MAKING HIS MASTERPIECE: The journey is just beginning for U-Wei
CYBERSPACE is abuzz with Bunohan. It has been a while since netizens were really interested in a movie. Helmed by Dain Said, it features some of the best local actors - Faizal Hussein, Wan Hanafi Su, Namron, Zahril Adzim, Bront Palarae and Pekin Ibrahim.
There is another movie that had been eagerly awaited -- Hanyut, based on Joseph Conrad's Almayer's Folly. U-Wei Haji Shaari took the challenge of adapting to screen one of Conrad's most difficult Malayan novels.
U-Wei, who made his mark with Perempuan, Isteri Dan... in 1993, is currently one of the finest and most audacious directors in the country. He made Kaki Bakar, Joghro and Buai Laju-Laju.
U-Wei learned a lot from the making of Perempuan, Isteri Dan..., one of which is creative control. The film was budgeted for RM1.2 million, but he was forced to work with a lot less. It was the time when even RM500,000 was considered too expensive for a Malay film.
Even today, he believes the film would have had a different look and nuance had he been given enough money. Nevertheless, the film made waves -- it won a commercial and critical acclaim.
He made Kaki Bakar in 1995 with renowned stage actor Khalid Salleh, who was discovered by the late Krishen Jit in the early 1980s. In 1998, he made Joghro based on Juara, a novel by S. Othman Kelantan who later became our Sasterawan Negara (National Laureate). Hanyut is his biggest gamble -- at RM18 million, it is one of Malaysia's most expensive films ever. The budget for the Art Department alone was six times the total amount spent on Perempuan, Isteri Dan....
He fought hard to raise money and he prevailed. He was given a grant of RM5 million from the Science, Technology and Innovation Ministry and a loan of RM10 million from a bank.
He learned something else from the bank. They were using templates from the construction business in dealing with him. They wanted to know whether the film had been pre-sold, just as the number of houses or apartments booked would determine the viability of a development project.
It took him more than a year to convince the bank to part with their money.
The 51-day shoot went well despite hundreds of cast and crew involved. The post-production was delayed as he needed more funds. In all, it took U-Wei three years to finish the film and much anxiety. He is philosophical about it.
"Many legendary filmmakers took longer to do their masterpieces," he told me. "For me, the journey is just beginning."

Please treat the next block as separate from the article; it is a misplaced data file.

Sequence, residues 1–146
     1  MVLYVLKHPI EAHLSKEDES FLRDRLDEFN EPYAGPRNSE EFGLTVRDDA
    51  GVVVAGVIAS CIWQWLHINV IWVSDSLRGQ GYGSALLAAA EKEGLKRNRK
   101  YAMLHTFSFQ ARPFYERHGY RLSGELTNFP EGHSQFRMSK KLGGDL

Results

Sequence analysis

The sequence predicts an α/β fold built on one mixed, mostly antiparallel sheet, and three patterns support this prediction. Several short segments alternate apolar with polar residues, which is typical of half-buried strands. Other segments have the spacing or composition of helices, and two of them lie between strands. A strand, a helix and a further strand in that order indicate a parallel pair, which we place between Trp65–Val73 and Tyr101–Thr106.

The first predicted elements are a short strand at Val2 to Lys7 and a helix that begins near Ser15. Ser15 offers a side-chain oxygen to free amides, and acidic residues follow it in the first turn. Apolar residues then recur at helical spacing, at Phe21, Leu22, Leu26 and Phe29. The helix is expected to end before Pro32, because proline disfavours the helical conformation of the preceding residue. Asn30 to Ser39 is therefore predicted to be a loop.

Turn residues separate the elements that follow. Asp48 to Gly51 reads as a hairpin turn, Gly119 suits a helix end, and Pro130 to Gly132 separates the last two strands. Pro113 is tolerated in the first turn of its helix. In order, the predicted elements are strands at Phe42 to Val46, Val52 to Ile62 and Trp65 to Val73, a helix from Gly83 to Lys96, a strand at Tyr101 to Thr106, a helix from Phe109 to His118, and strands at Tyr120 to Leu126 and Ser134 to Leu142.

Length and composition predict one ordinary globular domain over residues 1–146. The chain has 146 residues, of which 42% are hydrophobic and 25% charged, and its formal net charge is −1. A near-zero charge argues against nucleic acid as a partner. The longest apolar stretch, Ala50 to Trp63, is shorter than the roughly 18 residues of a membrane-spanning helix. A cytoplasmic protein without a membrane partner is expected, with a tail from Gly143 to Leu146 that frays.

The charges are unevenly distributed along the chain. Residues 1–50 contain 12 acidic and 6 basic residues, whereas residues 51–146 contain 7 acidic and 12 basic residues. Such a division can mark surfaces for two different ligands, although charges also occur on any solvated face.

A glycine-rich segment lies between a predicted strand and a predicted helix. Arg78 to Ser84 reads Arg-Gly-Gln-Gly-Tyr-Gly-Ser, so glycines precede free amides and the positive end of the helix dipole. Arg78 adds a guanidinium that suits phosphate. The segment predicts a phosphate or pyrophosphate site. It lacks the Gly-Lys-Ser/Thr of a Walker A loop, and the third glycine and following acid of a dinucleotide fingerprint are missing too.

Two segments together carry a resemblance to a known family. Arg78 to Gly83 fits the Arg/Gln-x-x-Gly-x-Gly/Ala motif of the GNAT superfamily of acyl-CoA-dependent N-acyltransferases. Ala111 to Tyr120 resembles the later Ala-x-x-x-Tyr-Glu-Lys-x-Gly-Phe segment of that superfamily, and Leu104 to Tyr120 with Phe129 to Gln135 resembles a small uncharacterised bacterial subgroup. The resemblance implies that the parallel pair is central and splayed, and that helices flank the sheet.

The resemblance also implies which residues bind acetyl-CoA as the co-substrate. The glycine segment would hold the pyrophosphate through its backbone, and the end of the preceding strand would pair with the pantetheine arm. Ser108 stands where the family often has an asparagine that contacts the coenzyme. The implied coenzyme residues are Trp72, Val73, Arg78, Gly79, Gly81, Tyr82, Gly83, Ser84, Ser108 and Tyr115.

Why take the trouble to make an expensive movie when horror and gangster movies are raking in tonnes of money? Or when a love story is making more than the cost of producing Hanyut?
U-Wei has no problems with "other films" but he wants to make movies that outsiders would say, "Ah, this is a movie to watch" and locals would be happy to say, "Ah, this is the kind of movie that ought to be made."
He believes it is important for Bunohan to succeed or else serious films would not have a place in the country. If it fails commercially, Hanyut would have a problem, so too the soon-to-be-released Hari-Hari Terakhir Seorang Seniman based on Anwar Rithwan's novel of the same name, helmed by Sabri Yunus, last year's Anugerah Skrin winner of the best director award.
He acknowledges there is a big market for Malay movies now, thus the reason why 50 were made last year. For the industry to survive, we have to provide "different menus". Learn the lessons of Indonesian and Hindi films during their heydays, he reminds young filmmakers.
He wants Hanyut to be perfect. His director of photography was Arkadiusz Tomiak, a Pole. The rest of the crew came from the United Kingdom, the United States, Australia and Japan, not to mention Malaysia.
His leading actor is Peter O'Brien, an Australian, while Diana Danielle, Sofia Jane, Sabri Yunus and Ady Putra are notable local and Singapore stars. He brought in a "scenic artist" from Australia who specialises in "aging" the props. The film was shot entirely with Panavision cameras, for the first time in Malaysia. The musical score would have been done by Ryuichi Sakamoto of The Last Emperor fame had the composer not withdrawn after the tsunami affected him last year.
Hanyut will soon be playing at a cinema near you. Movie enthusiasts are holding their collective breaths to see if Conrad's folly will be U-Wei's. Or if it will make movie history in the country.
If Hanyut is successful, movie-making will never be the same again.
U-Wei Haji Shaari made his mark with ‘Perempuan, Isteri Dan…’ in 1993 and is today one of the finest and most audacious directors in the country.
NOTE: The article was first published on the News Strait Times. The film is scheduled for its world premier at the Southeast Asian Film Festival 2013 on 22 March 2013.